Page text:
SLED is investigating the incident involving Charleston County Sheriff Al Cannon that occurred last Wednesday, due to the shots that were fired at the fleeing vehicle and Sheriff Cannon’s admission that he hit the suspect in the face while handcuffed in the back seat of a patrol car.
[The suspect] was treated at East Cooper Hospital before being lodged at the Cannon Detention Center. His wife and mother claimed after a Tuesday bail hearing that McManus, a roofer residing on Macoma Drive in Mount Pleasant, was assaulted at the arrest scene. Any form of police brutality was denied by sheriff’s officials.
Although “any form of police brutality was denied,” it seems apparent that guns were fired at the vehicle, no tasers were deployed and instead the suspect was beaten, a police dog was set loose on him, and the Sheriff himself got a shot in while the suspect was handcuffed in the patrol car.
I have no doubt that the average citizen believes that once someone offends a police officer it is open season. Is this good police work and a criminal getting his comeuppance? Or is this law enforcement using the cover of their job to commit violent crimes with impunity?
Following the multiple deaths/ injuries following high speed chases of motorcycles by the Horry County Police Department this past year, consider whether it is necessary to chase down a vehicle at speeds in excess of 100 mph to exact swift justice – when it is possible to simply photograph the tag number with the dashcam, let the person go, let them wind down and slow down without hurting anyone, and then go pick them up later. In many of these cases, there is no reason for the high speed chase and resulting violence other than the officers’/ adrenaline junkies’ need for a fix. Road rage?
The Indiana Supreme Court publicly reprimanded a prosecutor for allowing the victim in a case to dictate the terms of the defendant’s plea agreement, finding that the prosecutor “engaged in conduct prejudicial to the administration of justice.”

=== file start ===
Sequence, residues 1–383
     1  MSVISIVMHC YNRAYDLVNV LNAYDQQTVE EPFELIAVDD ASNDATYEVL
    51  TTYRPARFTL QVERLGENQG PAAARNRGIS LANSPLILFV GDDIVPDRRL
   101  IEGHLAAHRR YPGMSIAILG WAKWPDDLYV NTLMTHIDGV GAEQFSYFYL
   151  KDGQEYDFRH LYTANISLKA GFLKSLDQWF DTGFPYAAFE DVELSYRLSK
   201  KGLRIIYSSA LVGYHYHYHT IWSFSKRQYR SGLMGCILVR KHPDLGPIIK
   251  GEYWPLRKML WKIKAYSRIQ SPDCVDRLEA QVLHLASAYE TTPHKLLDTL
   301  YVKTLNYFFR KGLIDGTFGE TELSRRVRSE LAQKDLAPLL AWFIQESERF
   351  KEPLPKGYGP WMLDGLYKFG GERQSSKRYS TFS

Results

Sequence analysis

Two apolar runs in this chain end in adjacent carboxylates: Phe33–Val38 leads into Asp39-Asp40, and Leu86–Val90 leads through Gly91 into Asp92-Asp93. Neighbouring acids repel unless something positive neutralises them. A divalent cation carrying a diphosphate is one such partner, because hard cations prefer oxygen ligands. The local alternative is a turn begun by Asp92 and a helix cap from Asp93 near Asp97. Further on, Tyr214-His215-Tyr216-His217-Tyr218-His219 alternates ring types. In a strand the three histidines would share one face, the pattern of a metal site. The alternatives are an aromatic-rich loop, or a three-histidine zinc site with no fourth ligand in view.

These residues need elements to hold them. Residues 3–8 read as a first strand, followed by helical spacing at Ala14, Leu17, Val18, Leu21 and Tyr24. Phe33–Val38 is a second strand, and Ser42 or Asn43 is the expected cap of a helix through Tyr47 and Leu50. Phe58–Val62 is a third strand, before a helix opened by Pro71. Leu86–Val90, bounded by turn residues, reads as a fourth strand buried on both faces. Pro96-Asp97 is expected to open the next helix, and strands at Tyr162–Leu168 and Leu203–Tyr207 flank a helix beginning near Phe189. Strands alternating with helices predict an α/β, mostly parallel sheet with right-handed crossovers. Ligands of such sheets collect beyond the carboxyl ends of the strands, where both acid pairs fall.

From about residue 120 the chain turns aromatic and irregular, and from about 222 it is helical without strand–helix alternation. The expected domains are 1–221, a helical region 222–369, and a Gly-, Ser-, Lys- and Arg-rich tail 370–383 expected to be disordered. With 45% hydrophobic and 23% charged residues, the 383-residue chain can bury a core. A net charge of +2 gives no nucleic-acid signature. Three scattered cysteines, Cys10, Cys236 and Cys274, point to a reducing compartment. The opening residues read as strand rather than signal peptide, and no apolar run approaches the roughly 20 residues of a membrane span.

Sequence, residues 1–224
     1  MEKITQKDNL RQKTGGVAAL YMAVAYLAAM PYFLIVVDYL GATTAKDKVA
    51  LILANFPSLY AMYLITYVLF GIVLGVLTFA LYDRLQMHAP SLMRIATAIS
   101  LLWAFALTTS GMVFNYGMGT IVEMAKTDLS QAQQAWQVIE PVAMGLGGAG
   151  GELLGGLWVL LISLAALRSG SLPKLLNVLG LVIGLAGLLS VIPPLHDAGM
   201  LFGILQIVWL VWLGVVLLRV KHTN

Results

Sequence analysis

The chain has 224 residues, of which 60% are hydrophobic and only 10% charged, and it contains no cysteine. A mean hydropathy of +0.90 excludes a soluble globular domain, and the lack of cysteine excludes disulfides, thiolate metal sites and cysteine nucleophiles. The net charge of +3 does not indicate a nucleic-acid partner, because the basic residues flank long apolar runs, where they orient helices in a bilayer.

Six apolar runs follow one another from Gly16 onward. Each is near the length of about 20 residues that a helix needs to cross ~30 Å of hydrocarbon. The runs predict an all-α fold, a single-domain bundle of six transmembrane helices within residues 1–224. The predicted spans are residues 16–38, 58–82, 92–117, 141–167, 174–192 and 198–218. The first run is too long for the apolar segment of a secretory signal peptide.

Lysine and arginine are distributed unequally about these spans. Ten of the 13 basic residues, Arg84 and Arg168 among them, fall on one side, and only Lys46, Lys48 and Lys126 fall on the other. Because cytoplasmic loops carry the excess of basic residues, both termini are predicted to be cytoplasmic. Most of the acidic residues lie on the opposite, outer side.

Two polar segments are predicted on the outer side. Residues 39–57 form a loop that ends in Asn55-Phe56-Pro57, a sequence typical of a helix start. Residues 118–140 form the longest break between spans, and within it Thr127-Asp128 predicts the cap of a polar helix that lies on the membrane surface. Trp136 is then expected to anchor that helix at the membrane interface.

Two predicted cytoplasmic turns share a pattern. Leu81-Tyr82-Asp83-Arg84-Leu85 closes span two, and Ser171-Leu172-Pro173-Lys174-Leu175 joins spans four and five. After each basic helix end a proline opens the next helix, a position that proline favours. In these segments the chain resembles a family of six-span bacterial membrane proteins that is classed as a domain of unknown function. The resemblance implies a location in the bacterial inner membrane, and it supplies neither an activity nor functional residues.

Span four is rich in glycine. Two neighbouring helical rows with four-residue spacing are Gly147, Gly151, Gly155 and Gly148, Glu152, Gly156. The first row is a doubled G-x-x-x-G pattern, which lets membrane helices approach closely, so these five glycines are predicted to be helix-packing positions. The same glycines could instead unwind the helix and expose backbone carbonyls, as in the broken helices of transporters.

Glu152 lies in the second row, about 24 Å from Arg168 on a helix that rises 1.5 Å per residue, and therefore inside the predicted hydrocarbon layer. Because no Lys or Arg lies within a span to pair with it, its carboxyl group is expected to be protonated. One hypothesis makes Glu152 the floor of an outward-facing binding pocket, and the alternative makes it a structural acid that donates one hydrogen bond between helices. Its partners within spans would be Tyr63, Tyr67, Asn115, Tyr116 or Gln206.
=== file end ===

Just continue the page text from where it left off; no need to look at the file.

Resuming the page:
Respondent, however, did more than just include in a plea offer, at a victim’s request, a restitution amount in excess of what the court could order under the Restitution Statute. Rather,
Respondent ceded to Big Rivers the entirety of restitution decisions with respect to the First Plea Offer, permitting Big Rivers to use the criminal case, without prosecutorial oversight, as leverage in its civil dispute with JH.
This is the problem in many civil cases which involve breach of trust charges or other disagreements with former employers or contractors – sometimes, the charge itself is only brought to force a person to pay money in what would otherwise be a purely civil dispute. Often when the person who thinks they are entitled to payment calls an attorney, the attorney will see that it is either not a good case to file or that there is not much chance of recovering if they do file suit, and they will advise the person to call the police instead.
When charges are brought in cases that are really civil in nature, some prosecutors will allow them to die on the vine. They might get kicked at the preliminary hearing, they might receive an offer of PTI, they might be dismissed after restitution is paid, but the bottom line is that many prosecutors can recognize which cases are viable and which are not.
Some prosecutors, however, have insisted that they cannot dismiss a case because their victim is not willing. There are some prosecutors who will do nothing in a case unless the victim approves – there are some prosecutors who have gone as far as to claim the victim in a case is their client.
The victim is never the prosecutor’s client – if they were there would be an unavoidable conflict of interest. The victim in any case is a witness, and the State is the prosecutor’s client – the prosecutor’s goal is not to make the victim whole, and the prosecutor should not be prosecuting the case at the direction of the victim. The prosecutor’s goal is to achieve Justice – Justice might make the victim happy, it might make the defendant happy, or it might make no-one happy.
Although the interests of the victim and the interests of the State may often align, it is not necessarily so.
H/T Legal Profession
Lancaster County Sheriff’s Deputy Dale Perdue was fired and charged with burglary third degree, petit larceny, and misconduct in office after allegedly stealing construction materials from a home, while in his patrol car.